Your questions answered: Measuring pasta, cheese, etc.

Chicken Pasta Salad recipe

A recent question asked in a comment here:

How could you measure out a certain amount of dry macaroni or a certain ounce size of block cheese from bigger portions? Would you use a measuring cup? I don't know if this is the same type of measurement. Thanks!!

Usually recipes call for a weight of dry pasta. One pound of elbow macaroni is about 4 cups of dry pasta, so if your recipe called for 8 ounces of macaroni, you would need 2 cups. You can either measure two cups from your box, or (what I usually do) take a guess. If it's a 16-ounce box, I just try to estimate how much would be half of the box.

If you buy your pasta in bulk, the dry measurements would be helpful! If you're not buying in bulk, the label of the box of pasta should have the weight and measurements (look under "serving size" and "servings per container").

For measuring cheese, I am usually cutting cheese from a fairly small (8 or 16 ounce) block. Shredded cheese is easier to measure -- 1 cup of shredded cheese (not packed) is supposed to be about 4 ounces. In most of my recipes, I try to give both measurements for the shredded cheese (ounces and cups).

Edited to add: Actually, I think I misunderstood your question!

A cup of water, for example, is 8 fluid ounces. Eight ounces of pasta is a weight measurement, and not a fluid or liquid measurement, so that is why 8 ounces of macaroni is actually more than a measuring cup full.

Does anyone else have tips for measuring these items, particularly if you purchase them in bulk?


I have a book that says;

1 cup dry pasta=2cups cooked pasta,
2 cups dry pasta=4cups cooked pasta.


I invested in a good digital kitchen scale years ago and it is really wonderful. For example, 4 oz cheese = 1 cup shredded, so I put my grating container on the scale, zero it out, grate, and then check the weight until I have 4 oz. It really makes it much easier than trying to measure by the cup. If you use a coupon at a place like Bed Bath & Beyond or Linens N Things you can usually get a good deal on one.

Tammy , thanks for addressing my question. you were real helpful. also thanks to Donna. Ill write that in one of my cookbooks. Sometimes recipies will say "2cups cooked pasta", thats not always easy to know how much dry pasta to cook.

We bought a kitchen scale that measures 1/4 tsp up to 11 lbs in oz, fl oz, and grams. Since I have 7 children and a husband that works at home on the farm, my kitchen sees 21 meals a week for 9. As you can guess, we buy bulk everything! Our scale is used daily to measure everything. It takes the guess work out of it all.

The biggest reason I will give you for buying a scale is to weigh out your flour!! Weigh it out directly into the mixing bowl on the scale and don't scoop it in the measuring cup - especially if you grind your own wheat berries. Flour will pack down like brown sugar and you'll end up with too much. Weighing it will keep the breads from being too heavy and dense (or too wet with freshly ground flour that is very "fluffy".)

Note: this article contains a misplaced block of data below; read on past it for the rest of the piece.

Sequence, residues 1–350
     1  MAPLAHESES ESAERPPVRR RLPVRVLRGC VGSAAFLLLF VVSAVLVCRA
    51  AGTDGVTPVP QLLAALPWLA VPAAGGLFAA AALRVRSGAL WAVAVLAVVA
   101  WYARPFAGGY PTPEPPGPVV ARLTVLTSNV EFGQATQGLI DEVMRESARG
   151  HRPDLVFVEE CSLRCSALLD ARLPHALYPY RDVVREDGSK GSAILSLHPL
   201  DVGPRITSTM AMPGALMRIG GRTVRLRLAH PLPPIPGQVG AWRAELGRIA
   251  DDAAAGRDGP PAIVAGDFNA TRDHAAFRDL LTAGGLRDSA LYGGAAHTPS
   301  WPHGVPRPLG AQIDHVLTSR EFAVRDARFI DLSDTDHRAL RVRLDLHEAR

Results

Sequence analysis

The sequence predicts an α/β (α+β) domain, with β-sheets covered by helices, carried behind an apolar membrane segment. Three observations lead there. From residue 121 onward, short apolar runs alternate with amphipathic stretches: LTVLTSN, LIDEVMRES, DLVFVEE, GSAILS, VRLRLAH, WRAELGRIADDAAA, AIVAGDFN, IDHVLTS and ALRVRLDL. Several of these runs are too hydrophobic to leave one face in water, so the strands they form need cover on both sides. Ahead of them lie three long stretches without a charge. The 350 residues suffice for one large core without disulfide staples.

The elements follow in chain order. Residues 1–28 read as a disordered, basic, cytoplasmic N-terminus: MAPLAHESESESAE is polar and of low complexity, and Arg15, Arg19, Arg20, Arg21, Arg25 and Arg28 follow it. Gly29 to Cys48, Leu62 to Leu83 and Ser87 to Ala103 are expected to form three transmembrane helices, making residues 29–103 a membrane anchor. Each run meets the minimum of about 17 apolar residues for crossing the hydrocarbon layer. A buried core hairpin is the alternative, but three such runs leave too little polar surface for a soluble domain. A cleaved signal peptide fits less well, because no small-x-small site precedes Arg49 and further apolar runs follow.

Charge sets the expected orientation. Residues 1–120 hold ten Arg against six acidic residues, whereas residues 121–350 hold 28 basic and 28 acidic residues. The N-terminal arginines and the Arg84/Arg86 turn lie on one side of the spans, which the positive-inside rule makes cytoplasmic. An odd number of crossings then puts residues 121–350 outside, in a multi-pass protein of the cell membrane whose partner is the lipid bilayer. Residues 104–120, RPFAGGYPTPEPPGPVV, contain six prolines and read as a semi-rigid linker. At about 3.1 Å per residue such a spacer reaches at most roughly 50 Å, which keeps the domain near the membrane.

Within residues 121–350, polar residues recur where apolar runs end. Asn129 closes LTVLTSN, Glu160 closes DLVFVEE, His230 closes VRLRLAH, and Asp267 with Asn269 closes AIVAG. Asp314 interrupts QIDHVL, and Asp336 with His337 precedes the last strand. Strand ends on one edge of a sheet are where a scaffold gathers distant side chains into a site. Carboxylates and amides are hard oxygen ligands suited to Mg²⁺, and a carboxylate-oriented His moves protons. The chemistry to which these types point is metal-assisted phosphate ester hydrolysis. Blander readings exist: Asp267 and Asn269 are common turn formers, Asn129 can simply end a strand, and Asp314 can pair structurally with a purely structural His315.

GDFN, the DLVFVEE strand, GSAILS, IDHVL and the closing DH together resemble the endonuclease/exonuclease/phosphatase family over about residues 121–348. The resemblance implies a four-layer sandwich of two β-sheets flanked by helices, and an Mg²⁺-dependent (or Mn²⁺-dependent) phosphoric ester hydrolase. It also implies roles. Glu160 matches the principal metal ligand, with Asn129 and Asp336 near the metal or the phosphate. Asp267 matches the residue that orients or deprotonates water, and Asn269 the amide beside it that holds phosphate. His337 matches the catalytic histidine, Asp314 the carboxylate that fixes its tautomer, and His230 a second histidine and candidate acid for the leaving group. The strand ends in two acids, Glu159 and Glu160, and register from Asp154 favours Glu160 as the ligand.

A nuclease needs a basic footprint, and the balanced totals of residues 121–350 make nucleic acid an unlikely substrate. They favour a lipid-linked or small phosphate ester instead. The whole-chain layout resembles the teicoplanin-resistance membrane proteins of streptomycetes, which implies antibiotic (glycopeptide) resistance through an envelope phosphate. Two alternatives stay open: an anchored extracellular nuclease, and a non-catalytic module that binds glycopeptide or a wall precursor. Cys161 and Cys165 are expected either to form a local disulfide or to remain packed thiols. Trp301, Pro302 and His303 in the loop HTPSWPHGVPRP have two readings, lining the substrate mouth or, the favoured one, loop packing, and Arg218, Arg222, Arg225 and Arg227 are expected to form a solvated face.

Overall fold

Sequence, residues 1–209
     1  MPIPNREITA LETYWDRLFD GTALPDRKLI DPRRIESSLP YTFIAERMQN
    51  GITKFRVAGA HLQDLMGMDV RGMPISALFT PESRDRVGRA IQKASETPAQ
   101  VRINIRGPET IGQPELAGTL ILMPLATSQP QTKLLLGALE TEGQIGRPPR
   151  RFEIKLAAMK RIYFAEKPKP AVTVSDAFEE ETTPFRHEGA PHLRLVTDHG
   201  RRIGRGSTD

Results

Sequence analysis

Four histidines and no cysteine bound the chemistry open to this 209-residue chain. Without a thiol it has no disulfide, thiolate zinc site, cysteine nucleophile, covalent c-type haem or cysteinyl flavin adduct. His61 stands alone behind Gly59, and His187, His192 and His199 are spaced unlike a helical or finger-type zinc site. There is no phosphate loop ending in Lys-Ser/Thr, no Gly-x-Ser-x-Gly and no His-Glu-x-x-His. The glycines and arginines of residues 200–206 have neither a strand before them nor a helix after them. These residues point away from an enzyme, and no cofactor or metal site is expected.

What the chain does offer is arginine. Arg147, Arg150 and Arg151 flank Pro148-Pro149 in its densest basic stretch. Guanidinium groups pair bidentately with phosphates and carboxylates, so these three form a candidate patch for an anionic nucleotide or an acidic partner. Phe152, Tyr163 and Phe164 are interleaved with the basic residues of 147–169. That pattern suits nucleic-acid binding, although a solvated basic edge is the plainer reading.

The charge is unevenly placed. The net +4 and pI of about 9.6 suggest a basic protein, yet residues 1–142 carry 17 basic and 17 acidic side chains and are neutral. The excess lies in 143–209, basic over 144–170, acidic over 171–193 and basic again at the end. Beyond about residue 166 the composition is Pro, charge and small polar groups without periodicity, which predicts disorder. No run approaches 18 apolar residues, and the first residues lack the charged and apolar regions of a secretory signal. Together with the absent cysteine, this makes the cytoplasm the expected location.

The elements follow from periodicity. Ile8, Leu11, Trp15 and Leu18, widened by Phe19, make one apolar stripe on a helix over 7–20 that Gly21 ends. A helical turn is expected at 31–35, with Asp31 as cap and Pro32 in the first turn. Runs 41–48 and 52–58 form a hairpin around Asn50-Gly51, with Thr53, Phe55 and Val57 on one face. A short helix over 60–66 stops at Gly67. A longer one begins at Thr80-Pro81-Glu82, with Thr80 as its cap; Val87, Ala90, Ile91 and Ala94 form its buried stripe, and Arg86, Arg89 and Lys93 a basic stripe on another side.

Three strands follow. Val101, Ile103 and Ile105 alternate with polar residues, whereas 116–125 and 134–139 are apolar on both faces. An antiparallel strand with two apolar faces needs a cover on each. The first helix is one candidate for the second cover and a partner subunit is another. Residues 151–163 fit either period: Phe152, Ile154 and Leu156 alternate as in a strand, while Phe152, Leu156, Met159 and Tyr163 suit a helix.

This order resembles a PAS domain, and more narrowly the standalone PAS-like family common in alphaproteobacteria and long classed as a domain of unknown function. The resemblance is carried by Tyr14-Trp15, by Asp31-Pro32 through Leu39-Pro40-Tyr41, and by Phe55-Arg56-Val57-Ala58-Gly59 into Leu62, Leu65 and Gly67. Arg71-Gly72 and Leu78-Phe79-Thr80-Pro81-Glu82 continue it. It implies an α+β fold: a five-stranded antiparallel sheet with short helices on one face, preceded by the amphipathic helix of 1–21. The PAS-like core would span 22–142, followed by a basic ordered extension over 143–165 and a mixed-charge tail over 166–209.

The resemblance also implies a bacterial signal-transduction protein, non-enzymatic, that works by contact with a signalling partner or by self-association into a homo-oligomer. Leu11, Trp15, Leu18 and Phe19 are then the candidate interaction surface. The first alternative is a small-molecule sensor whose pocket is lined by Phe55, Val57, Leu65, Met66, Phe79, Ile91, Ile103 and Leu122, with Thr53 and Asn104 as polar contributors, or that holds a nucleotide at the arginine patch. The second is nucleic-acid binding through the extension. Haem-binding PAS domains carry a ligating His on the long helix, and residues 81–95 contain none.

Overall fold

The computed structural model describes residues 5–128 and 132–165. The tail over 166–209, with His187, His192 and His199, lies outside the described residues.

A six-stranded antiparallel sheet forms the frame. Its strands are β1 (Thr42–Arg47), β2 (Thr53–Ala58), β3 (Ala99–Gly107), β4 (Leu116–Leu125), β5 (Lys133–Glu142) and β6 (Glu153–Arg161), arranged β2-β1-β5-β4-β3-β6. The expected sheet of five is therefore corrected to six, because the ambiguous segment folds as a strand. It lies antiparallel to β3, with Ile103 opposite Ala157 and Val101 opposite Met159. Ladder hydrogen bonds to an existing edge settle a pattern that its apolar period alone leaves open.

4 oz of flour = 1 cup flour in recipes

Use soft (also called pastry) wheat for everything except breads that rise and need the gluten. We use only our own ground flour for everything - your challah bread was wonderful in ww!

I've enjoyed your blog and your recipes!

Debbie in KY

I'll add one related comment about measuring cheese. I like to buy large blocks of cheese, and then immediately cut it into 1 ounce pieces. It should be fairly easy to eyeball it, based on how big the original block is. Then I toss all of those into plastic bags and store them in the freezer. Any time I need cheese, I pull out exactly the number of 1-ounce chunks I need. As a bonus, once frozen, it crumbles easily with just your fingers, so it saves the hassle (and clean-up) of dragging out a grater. I use the assumption that 1 ounce of cheese = 1/4 cup of shredded, and go from there.

I have tried doing pasta by cups instead of ounces, but the different shapes and sizes make different densities in the measuring cups and the measure is not always accurate.

A kitchen scale is the way to go.

I'm wondering if you missed my question. It's under the last chicken recipe you posted. Thanks

Hi, Anonymous!

I actually already have an answer written to your question, and will post it this evening. :) But thanks for asking, since I do sometimes forget about a question I receive! :)

I use my digital scale to measure pasta and noodles (figuring around 2 oz per serving), measuring flour when I make bread, and measuring frozen vegetables (around 80-100 grams for adults, and 30-50 grams for my 5 year-old). I also use it for measuring portions of things like honey, that are hard to clean out of a measuring spoon or cup. (I think 1 Tbsp honey = 50 grams, so 1/4 cup would be 200 grams.) I'm also on Weight Watcher's so I use it for measuring out my portions of rice, cheese, lite ice cream, etc.


if the serving size on the pasta box sayd 2 oz, is taht 2oz dry or 2oz wet? I am counting calories and I want to make sure I'm using the right measurements.
I weighed out 1 oz dry but once cooked, it was 3oz wet. :-|


Amanda, the serving size is the dry weight. :)

Thanks Tammy,
I was so scared I ended up eating 1.5 servings instead of just 1/2 a serving! THANK YOU!!!!

Hi there,

I am on Weight Watchers, and I am trying to figure out the points for cheese. The problem is, I don't know how much 30gms of cheese is (it says a 3 cm cube)...can anyone help me with this?



Measurement instructions were very helpful. Thanks.

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